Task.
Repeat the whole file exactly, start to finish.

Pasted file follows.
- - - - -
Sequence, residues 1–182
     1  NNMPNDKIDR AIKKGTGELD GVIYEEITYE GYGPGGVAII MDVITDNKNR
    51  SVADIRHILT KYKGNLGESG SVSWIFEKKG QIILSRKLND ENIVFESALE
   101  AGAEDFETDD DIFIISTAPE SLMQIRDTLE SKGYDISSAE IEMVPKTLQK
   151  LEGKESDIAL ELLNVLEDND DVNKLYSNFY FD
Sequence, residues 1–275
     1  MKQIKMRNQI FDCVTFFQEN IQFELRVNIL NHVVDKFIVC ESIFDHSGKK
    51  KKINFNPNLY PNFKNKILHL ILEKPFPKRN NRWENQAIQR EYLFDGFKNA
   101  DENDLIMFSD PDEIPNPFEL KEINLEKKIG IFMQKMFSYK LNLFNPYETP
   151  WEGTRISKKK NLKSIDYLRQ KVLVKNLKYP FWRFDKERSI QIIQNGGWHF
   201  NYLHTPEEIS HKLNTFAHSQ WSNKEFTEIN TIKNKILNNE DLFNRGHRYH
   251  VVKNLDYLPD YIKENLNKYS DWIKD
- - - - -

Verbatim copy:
Sequence, residues 1–182
     1  NNMPNDKIDR AIKKGTGELD GVIYEEITYE GYGPGGVAII MDVITDNKNR
    51  SVADIRHILT KYKGNLGESG SVSWIFEKKG QIILSRKLND ENIVFESALE
   101  AGAEDFETDD DIFIISTAPE SLMQIRDTLE SKGYDISSAE IEMVPKTLQK
   151  LEGKESDIAL ELLNVLEDND DVNKLYSNFY FD
Sequence, residues 1–275
     1  MKQIKMRNQI FDCVTFFQEN IQFELRVNIL NHVVDKFIVC ESIFDHSGKK
    51  KKINFNPNLY PNFKNKILHL ILEKPFPKRN NRWENQAIQR EYLFDGFKNA
   101  DENDLIMFSD PDEIPNPFEL KEINLEKKIG IFMQKMFSYK LNLFNPYETP
   151  WEGTRISKKK NLKSIDYLRQ KVLVKNLKYP FWRFDKERSI QIIQNGGWHF
   201  NYLHTPEEIS HKLNTFAHSQ WSNKEFTEIN TIKNKILNNE DLFNRGHRYH
   251  VVKNLDYLPD YIKENLNKYS DWIKD